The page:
Pat Bagley starts us off with a depressingly accurate look at things. The comment on the tax on services identifies this as a local comment on Utah politics, but it applies nationally as well.
I suppose they might listen if they were more beholden to local voters than to corporate contributors, but an Amendment to overturn Citizens United would have to get through the people it would be intended to control.
And, speaking of feeling unresponded to, here’s a piece of Watergate that doesn’t seem to fit the current crisis: Without the principled stand of the Justice Department, where Nixon had to dig through several layers to find a compliant toady, and the no-nonsense decisions of Judge Sirica, and the honest bipartisan … well, you get the picture.
The actions of the rightwing power machine since the days of Newt Gingrich seem now a bit like that iconic scene in “The Birds” where Tippi Hedren doesn’t notice one crow, two crows, five crows, 10 crows until the whole flock has gathered.
Amid all the “Big Bird goes to heaven” tributes for Caroll Spinney (who, after all, was 85), Jack Ohman puts a more critical spin on things and mourns the bird we ought to be concerned about.
Trump’s nonsensical boasting about crowd size at his inauguration brought forth sarcastic comparisons to the “Big Lie” theory, but now we see the reality: The GOP has a sizeable chunk of the population willing to swallow their spin, even when it is utterly counter to the facts.
So you have the Mueller Report outlining the President’s obstruction of justice and Barr simply announces that it doesn’t, and now he’s back doing the same with the Inspector General’s report.
Up is Down and White is Black and the Deplorables are able to believe six impossible things before breakfast, because they’ve been trained to.
For all that, I don’t think things are out of control yet, but there needs to be a wake-up call, and people have to take it seriously. Like Anne Frank, I believe most people are good at heart, but, like Anne, I also “hear the ever approaching thunder, which will destroy us” before it’s all put right again.
Most of the cartoons out of the UK have been about their own election, and this one from Matt is no exception, but it has relevance to our own upcoming election as well.
Both Brexit and Trump owe their success in substantial part to the belief by those aforementioned good-hearted people that victory was in the bag and they didn’t have to show up and vote themselves.
When I see polls showing how badly such-and-such a Democratic candidate will defeat Trump, it makes me nervous, because Hillary Clinton was also projected to send him down to defeat.
Polling is inexact, and, as noted here before, it is unintentionally class-based to an extent that seriously undercounts the very demographic most likely to vote for Trump.
I have some hope that the current impeachment imbroglio will aid Democrats almost by accident. They’d have done better to go after his bribing of sex partners than some technical violations of election law or whatever this Ukraine thing is about.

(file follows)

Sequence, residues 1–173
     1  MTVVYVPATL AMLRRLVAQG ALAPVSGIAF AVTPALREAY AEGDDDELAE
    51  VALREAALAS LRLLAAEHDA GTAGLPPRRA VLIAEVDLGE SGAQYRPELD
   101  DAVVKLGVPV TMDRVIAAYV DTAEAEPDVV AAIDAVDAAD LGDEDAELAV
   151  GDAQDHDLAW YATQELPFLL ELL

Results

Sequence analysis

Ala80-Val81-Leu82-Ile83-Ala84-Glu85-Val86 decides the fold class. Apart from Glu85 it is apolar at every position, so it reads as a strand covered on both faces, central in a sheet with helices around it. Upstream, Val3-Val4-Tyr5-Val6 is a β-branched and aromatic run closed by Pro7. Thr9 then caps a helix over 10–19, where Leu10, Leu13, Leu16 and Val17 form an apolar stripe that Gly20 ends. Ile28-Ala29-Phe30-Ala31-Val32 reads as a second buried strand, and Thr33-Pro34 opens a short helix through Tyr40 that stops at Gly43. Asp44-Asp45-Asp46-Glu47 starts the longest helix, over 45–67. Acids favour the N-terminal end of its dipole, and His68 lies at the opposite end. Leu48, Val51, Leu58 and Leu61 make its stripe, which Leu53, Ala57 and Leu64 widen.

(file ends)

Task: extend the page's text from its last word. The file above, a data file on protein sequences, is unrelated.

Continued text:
But the quick Senate vote clearing Dear Leader may shock the conscience of progressives while lulling conservative voters to sleep.
If you can blunder into defeat, you can also blunder into victory. We’ll see.
Juxtaposition of the Day
Here’s one of the “it happens” coincidences in which two cartoonists had the same idea, with the difference being that, usually when it happens, it was an obvious idea that should have been dumped for just that reason.
In this case, it’s a good concept, making it worth noting, and it’s also worth noting that, while Breen cites “wasting time,” Siers cites “deliberate ignoring of facts.” They’re related, but distinct, though, in the end, the outcome is the same.
Washington Post columnist Jennifer Rubin complained that Thunberg was a poor choice.
Don’t get me wrong. I think climate change is a dire threat and, unlike some curmudgeons, I think Thunberg provided a public service in calling attention to the threat. However, I find it preposterous to assert that Thunberg had a unique, transformative impact on public opinion in a way no other person has.
The same could be said of Rosa Parks or Rachel Carson: They galvanized public opinion but left the heavy lifting to experts and to the general public’s shifting sentiments.
Perhaps Rubin doesn’t have her ear to the same ground I have, and perhaps she’s following the same instincts as those pollsters who fail to count everyone.
I think she’s wrong, and I hope she is, because I prefer to think that Thunberg joins the Parkland Kids in awakening a generation that has the numbers to turn the ship of state, if they show up at the polls.
Again, we’ll see.
But I hope they realize it takes shoe leather and clipboards, and not just impassioned posts on social media.
In other news
This Joe Heller piece voiced an observation of my own, though I have enough mixed feelings about the Salvation Army that I don’t relate it specifically to them.
Rather, it occurs to me when I pass the homeless people standing on the thruway exits and the entrances to shopping malls, or when traffic is being snarled by “boot drives” for youth teams, animal rescue or the local volunteer fire department.
(Note to city folk: If you Google “boot drive,” you’ll get some computer stuff. A boot drive out here is when fundraisers stand in the street soliciting donations from passing drivers, named for the boot in which volunteer firefighters would collect the money.)
I no longer carry cash and, so far, the panhandlers can’t swipe a card, and thank god because it would really tie things up if they could.
Meanwhile, I went into the grocery store the other day, and, as I passed her, the Sally Ann bell ringer wished me “Happy Holidays.”
Are they allowed to say that??